Aircell Gets $176 Million for In-flight Broadband Aircell, the Itasca, Ill. company behind the wildly hyped GoGo in-flight broadband, has raised$176 million in funds from an undisclosed group of investors. (Don’t worry — we asked, but they wouldn’t tell us who invested in the company.) The funds will be used for network expansion, among other things.

GoGo, which is currently available on more than 700 commercial aircraft, and has commitments from a total of nine airlines, needs to build out its network aggressively if it wants hype to meet match reality. As it has grown, GoGo’s connection quality has declined as the strain on its network has gone up because of increased usage.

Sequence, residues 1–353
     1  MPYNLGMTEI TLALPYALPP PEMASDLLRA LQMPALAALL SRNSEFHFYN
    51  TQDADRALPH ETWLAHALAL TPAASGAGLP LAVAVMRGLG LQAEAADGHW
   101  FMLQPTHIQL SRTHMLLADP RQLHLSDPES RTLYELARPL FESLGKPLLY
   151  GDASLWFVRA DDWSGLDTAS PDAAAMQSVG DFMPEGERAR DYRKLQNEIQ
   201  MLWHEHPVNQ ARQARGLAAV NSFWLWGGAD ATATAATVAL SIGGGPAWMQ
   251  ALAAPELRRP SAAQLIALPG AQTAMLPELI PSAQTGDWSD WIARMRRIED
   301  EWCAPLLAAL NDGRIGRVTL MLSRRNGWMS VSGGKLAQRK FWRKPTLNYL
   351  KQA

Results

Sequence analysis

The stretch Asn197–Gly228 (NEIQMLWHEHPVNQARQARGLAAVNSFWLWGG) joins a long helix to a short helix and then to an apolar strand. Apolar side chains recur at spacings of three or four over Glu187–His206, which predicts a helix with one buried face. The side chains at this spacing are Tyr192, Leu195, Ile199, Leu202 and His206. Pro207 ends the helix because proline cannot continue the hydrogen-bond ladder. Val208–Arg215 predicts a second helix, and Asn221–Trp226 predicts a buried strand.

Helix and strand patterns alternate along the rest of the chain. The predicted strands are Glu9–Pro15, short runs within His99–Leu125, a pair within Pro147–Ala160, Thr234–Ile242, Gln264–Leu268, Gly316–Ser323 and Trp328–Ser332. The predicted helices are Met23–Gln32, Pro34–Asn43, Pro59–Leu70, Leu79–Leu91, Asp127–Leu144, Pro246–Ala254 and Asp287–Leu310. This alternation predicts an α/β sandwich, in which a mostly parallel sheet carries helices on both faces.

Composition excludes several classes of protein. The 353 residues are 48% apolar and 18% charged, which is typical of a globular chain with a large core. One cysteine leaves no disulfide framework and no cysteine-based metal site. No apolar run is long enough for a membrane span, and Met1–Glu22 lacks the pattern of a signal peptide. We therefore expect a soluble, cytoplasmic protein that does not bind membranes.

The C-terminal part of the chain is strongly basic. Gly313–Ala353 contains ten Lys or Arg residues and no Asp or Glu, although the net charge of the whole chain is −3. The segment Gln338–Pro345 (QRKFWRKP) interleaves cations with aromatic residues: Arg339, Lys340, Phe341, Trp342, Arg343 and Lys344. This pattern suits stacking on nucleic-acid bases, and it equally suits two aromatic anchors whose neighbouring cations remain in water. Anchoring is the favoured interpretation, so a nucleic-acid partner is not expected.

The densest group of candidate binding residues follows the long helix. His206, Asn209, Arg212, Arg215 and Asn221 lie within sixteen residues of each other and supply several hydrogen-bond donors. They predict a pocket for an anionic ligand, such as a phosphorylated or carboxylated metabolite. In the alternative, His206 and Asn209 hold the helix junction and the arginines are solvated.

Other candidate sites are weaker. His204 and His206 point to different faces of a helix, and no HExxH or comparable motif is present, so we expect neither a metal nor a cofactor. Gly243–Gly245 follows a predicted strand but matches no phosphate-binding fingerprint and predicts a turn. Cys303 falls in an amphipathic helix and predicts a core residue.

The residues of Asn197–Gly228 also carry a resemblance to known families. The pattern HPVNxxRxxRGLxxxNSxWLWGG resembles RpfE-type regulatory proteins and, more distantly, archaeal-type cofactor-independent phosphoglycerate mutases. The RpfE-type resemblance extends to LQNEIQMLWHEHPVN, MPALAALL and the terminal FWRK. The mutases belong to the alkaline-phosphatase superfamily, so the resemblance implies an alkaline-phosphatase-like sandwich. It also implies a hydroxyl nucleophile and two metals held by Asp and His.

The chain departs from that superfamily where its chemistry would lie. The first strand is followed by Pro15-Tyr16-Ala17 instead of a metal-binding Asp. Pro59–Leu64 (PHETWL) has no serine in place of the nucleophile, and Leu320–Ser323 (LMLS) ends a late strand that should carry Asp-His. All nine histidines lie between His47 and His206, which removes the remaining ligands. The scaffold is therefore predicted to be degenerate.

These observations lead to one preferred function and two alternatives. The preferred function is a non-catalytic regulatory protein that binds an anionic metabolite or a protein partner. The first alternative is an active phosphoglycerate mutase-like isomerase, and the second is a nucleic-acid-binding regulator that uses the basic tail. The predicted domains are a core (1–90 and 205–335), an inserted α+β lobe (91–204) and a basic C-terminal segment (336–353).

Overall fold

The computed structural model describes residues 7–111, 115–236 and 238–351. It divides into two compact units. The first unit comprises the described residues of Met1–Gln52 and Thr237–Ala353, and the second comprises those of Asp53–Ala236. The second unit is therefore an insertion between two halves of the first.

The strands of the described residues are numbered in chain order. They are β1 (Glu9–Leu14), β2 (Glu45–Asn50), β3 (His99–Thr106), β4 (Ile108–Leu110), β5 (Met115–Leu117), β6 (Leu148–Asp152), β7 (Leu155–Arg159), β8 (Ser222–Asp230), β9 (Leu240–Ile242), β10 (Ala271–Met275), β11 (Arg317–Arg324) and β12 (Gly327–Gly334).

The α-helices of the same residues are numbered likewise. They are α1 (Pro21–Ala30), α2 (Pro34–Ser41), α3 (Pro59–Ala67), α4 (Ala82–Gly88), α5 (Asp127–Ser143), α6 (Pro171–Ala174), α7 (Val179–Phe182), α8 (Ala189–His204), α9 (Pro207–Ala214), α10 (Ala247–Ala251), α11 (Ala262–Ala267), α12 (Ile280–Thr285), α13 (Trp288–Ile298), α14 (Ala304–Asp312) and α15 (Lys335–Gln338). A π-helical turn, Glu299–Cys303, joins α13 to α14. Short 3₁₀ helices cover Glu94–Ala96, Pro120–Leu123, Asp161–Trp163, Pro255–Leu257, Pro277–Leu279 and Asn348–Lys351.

In many ways, the hype around GoGo has met reality. The uptake of the service is pretty low at present. Some say it might be as low as six users per flight. I think the pricing has something to do with the reason why many travelers are not so keen on paying for in-flight broadband just yet. The low uptake might be the reason why Aircell is figuring out a way to sell the service to the carriers itself for more backend functions. The good news — if you can call it that — is that the competing Row44 service (on Southwest) is actually worse off.